Decorations and Awards: Awards of the ‘Pour le Merite’ to Prussian General Officers 1792-1815
The origins of Prussia’s ‘Pour le Merite’ date back to 8 May 1667  with the founding of the ‘l’Ordre de la Generosite’ by Friedrich-Wilhelm, Elector of Brandenburg (1620-1688). Originally a fairly simple decoration, by 1685 it had become a sky-blue enamel Maltese cross.
On 9 June 1740, the newly-crowned of Prussia  King Friedrich II (also known as ‘Frederick the Great’) converted the ‘l’Ordre de la Generosite’ into the ‘Pour le Merite’. The new order was both a military and civilian award (French writer Francois-Marie-Arouet de Voltaire received the Pour le Merite in 1750). It is interesting to note that if a receipient of the previous ‘l’Ordre de la Generosite’ later received the ‘Pour le Merite’, he was required to return his earlier award .
Very few senior officers emerged unscathed from the disastrous Jena-Auerstadt Campaign. Sources indicate that only two Prussian officers were awarded the ‘Pour le Merite’ in 1806: Leutnant [later Major] Ferdinand-Baptista von Schill (1776-1809) an officer of Dragoon Regiment ‘Konigin’ Nr. 5 wounded at Auerstadt and the future Generalleutnant August-Friedrich-Ludwig, Freiherr von Wrangel (1774-1851). A third individual, Alexei Kulesch – probably a Russian officer – also received the ‘Pour le Merite’ that year.
There were no awards of the ‘Pour le Merite’ from 1808 to 1811. It was during this ‘middle Napoleonic’ period [18.01.1810], that King Friedrich-Wilhelm III changed the ‘Pour le Merite’ into an exclusively-military award . Three years later [10.03.1813] he decreed gold oak leaves could be added to the ‘Pour le Merite’ to recognize exceptional achievements or merit.
While not as exclusive an award as the Order of the Black Eagle  the ‘Pour le Merite’ was still considered one of the highest honours available for serving Prussian – and foreign – officers. Unlike other decorations, the ‘Pour le Merite’ with (or without) Oak leaves could be awarded more than once to the same officer. Generalmajor Johann-Karl-Josef von Schon (1765-1818) was awarded the ‘Pour le Merite’ with Oak leaves twice: 31.05.1814 and 02.10.1815. Two Russian officers, Sacher Sergieieovich Shusherin and Peter Andreieovich Sass were each awarded the ‘Pour le Merite’ three times during the Napoleonic Wars .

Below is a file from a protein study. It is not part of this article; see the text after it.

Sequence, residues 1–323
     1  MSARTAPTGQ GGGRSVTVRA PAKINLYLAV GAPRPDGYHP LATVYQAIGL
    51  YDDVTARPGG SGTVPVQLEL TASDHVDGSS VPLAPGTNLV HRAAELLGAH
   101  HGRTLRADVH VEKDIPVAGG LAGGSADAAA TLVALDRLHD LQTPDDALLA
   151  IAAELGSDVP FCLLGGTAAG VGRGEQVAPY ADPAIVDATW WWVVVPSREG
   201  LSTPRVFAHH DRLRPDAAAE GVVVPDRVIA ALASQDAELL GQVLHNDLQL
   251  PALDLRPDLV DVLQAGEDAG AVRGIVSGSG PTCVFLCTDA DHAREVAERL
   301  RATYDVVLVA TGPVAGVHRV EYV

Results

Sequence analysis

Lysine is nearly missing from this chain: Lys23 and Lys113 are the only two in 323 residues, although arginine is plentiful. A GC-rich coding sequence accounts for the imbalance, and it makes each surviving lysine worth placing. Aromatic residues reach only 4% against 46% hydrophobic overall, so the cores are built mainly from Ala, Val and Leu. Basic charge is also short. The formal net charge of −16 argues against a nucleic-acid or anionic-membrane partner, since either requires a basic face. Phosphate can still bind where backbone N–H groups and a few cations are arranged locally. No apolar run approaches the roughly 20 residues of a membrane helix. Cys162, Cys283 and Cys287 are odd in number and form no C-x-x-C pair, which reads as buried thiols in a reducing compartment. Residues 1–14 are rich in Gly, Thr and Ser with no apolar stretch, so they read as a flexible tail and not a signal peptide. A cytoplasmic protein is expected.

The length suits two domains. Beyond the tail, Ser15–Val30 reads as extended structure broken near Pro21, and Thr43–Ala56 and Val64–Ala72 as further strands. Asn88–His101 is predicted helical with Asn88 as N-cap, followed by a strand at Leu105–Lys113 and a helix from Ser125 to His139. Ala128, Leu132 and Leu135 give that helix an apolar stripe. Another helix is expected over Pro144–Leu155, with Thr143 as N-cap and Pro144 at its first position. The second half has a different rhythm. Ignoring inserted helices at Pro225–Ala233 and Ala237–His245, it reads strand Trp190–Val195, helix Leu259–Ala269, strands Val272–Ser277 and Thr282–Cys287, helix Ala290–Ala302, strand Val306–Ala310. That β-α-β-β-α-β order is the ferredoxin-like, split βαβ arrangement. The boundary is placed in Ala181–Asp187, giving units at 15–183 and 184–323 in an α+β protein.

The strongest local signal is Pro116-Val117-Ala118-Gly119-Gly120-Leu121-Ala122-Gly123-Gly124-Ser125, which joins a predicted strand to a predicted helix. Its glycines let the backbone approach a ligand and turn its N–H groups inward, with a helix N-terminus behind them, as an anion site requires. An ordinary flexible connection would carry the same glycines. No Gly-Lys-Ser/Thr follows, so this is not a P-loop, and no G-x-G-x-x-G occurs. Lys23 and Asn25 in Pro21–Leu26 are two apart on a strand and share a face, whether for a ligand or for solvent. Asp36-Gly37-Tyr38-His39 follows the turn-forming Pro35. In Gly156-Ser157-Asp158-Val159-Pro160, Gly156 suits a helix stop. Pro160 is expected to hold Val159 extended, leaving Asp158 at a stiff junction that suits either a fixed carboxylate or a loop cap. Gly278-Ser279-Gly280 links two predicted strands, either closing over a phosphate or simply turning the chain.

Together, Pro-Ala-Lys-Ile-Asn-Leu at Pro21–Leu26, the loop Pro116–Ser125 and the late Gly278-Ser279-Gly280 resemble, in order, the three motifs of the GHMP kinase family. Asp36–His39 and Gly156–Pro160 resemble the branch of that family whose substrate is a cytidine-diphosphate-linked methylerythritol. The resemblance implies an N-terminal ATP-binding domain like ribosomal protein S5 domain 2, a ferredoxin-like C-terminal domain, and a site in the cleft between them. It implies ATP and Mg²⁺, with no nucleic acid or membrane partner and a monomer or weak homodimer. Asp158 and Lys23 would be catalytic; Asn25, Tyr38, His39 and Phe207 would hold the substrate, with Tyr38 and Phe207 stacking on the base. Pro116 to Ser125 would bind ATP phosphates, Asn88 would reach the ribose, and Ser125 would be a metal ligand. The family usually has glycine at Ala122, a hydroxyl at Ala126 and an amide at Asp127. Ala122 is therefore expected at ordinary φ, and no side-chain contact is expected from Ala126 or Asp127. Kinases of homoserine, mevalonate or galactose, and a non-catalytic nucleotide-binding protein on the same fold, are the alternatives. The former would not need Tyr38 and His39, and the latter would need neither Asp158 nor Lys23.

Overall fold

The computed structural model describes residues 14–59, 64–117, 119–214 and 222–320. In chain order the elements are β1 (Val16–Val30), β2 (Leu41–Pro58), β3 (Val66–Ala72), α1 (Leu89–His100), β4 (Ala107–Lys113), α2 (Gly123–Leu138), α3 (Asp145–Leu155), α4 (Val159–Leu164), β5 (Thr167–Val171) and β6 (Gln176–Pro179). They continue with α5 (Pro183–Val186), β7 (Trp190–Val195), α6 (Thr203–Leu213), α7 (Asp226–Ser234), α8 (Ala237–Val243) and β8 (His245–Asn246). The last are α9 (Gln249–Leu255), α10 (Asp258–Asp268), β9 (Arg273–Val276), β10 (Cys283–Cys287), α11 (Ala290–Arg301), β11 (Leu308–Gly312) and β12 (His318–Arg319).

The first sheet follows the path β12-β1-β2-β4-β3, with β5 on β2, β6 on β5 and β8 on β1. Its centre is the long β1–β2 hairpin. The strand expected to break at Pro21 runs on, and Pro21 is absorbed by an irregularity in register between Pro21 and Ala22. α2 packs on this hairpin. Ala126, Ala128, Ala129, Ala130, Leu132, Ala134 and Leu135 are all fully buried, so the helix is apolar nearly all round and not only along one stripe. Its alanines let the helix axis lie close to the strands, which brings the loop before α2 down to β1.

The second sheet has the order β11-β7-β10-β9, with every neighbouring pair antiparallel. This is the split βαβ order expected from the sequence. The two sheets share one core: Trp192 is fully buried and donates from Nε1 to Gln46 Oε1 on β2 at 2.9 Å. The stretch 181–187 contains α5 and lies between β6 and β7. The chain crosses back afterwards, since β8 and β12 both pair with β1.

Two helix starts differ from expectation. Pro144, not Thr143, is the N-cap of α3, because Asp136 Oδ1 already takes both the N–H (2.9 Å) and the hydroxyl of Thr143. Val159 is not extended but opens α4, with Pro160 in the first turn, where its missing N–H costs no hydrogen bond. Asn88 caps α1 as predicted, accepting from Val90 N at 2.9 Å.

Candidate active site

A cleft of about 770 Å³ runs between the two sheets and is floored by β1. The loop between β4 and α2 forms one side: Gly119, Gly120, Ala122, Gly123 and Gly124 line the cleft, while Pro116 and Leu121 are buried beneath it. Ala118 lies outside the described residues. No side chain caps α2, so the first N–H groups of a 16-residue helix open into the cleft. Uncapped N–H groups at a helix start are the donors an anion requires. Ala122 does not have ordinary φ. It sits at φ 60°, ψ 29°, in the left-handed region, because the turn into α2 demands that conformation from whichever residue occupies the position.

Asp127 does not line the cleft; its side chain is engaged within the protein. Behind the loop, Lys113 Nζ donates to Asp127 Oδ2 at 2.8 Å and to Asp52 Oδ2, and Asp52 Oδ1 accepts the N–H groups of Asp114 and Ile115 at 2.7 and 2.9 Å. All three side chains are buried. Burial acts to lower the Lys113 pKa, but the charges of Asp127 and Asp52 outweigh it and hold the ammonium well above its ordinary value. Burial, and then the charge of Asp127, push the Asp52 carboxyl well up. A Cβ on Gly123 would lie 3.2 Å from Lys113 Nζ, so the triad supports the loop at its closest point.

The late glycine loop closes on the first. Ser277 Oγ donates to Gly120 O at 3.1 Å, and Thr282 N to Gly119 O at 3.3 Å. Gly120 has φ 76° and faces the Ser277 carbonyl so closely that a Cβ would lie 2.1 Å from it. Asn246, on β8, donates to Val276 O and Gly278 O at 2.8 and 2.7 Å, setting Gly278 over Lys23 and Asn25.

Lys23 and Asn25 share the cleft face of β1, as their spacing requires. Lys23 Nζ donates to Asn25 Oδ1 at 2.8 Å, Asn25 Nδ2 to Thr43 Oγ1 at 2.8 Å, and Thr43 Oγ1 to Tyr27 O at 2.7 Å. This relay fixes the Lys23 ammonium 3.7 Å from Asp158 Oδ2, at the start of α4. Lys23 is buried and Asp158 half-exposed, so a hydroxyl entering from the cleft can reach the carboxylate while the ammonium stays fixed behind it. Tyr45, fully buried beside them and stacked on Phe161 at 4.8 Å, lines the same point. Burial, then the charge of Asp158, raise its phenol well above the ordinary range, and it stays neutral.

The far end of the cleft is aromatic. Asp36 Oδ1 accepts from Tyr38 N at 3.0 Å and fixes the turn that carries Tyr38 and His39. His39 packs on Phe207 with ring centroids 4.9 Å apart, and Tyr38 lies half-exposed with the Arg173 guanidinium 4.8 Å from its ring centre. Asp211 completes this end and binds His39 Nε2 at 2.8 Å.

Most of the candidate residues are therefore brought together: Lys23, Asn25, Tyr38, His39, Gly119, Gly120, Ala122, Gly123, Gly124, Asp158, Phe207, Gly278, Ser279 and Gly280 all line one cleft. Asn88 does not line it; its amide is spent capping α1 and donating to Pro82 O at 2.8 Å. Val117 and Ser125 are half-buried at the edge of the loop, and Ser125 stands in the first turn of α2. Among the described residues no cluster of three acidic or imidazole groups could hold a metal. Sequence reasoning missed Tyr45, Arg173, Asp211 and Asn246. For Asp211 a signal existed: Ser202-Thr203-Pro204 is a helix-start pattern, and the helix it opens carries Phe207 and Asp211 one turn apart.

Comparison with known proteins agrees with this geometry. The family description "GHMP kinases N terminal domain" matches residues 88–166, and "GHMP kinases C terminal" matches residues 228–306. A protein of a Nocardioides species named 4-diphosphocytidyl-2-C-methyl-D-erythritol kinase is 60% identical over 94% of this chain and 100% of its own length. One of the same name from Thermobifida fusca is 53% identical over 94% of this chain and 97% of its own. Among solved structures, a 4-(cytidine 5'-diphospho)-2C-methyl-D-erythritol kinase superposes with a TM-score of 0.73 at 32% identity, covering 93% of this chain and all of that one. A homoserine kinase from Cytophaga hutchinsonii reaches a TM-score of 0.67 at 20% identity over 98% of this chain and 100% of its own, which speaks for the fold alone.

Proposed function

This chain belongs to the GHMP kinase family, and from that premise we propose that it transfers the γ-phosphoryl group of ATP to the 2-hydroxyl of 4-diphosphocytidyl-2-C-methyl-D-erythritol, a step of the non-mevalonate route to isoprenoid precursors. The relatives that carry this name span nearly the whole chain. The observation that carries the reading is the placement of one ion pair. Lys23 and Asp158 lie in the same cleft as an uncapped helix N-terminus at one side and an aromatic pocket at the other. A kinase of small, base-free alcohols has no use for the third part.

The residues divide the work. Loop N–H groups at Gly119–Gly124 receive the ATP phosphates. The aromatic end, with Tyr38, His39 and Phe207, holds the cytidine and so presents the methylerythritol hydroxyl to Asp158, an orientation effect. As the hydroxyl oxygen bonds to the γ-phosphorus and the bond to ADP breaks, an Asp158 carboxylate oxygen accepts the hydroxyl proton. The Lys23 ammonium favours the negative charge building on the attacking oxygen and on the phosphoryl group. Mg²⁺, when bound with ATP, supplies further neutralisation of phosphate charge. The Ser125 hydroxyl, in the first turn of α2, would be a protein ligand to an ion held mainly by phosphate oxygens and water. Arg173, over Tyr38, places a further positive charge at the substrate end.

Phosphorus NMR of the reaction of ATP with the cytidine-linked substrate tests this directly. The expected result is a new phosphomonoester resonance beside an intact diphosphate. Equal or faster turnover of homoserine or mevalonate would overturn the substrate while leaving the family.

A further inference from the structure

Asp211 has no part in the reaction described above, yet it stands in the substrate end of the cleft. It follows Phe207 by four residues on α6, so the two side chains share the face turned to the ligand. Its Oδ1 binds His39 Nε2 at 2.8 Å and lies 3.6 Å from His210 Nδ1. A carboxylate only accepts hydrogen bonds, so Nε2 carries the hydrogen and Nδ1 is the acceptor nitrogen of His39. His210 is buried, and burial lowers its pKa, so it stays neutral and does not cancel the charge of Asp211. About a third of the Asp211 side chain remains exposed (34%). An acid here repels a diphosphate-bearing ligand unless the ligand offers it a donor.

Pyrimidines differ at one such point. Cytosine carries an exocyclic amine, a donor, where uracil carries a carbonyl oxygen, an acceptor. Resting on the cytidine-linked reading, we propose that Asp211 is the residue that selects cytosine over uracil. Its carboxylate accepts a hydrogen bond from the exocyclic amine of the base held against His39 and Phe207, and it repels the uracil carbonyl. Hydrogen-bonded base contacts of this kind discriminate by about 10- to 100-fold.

The Oak leaves could also be awarded separately: Generalmajor Friedrich-Wilhelm von Funck (1774-1830) won his original ‘Pour le Merite’ in 1812 but received his Oak leaves on 03.11.1815. The Oak leaves were rarely awarded; only 40 were given out from 1813 to 1815.
After the Allied armies occupied Paris in March 1814, Friedrich-Wilhelm III liberally-awarded the ‘Pour le Merite’; large numbers of Russian officers were given the decoration on 11 April and on 13-18 October (the first anniversary of the Battle of Leipzig). During his 43-year reign, he made 2,454 awards of the ‘Pour le Merite’ (44 awards with Oak leaves).
The following chronological/alphabetical list of ‘Pour le Merite’ recepients does not include those general officers who were awarded it prior to 1792 (as examples, Generalfeldmarschall Gebhard-Lieberecht von Blucher, Generalleutnant Johann-Ernst, Graf von Kunheim and General der Infanterie Julius-August-Reinhold von Grawert all received the ‘Pour le Merite’ in 1789). Also note that each officer’s rank is the final grade reached during his military career and not the grade held at the time of his award.
From 1740 to 1918, a total of 5,430 individuals received the ‘Pour le Merite’, including five recipients of the Grand Cross (established in 1866 and last awarded in 1879) and two royal recipients Grand Gross with Oak leaves).
 Several sources give the founding date as 12 May 1740.
 The Electorate of Brandenburg became the Kingdom of Prussia in 1701.
 The ‘Pour le Merite’ did not receive the informal title ‘Blue Max’ until the First World War, when it was awarded to the German pilot Max Immelmann [02.01.1916].
 A civilian ‘arts and science’ class of the ‘Pour le Merite’ was established by King Friedrich-Wilhelm IV of Prussia in 31.05.1842 and awarded until 1918. The decoration was reinstated 31.05.1952 by West German President Theodor Heuss.
 The Order of the Black Eagle (Schwartzer-Adler-Orden) was Prussia’s highest order of chivalry. Founded in 1701 by King Friedrich I, it was only awarded to royalty and heads of state.
 Shusherin was given the ‘Pour le Merite’ on 08.12.1813, 08.05.1814 and 13-18.10.1814; Sass was given the decoration on 08.05.1814, 29.05.1814 and 13-18.10.1814. There is also a single award of the ‘Pour le Merite’ to an unknown Russian lieutenant on 11.12.1813 and awards to two unknown British officers on 07-22.06.1814.
Placed on the Napoleon Series: September 2005
© Copyright 1995-2005, The Napoleon Series, All Rights Reserved.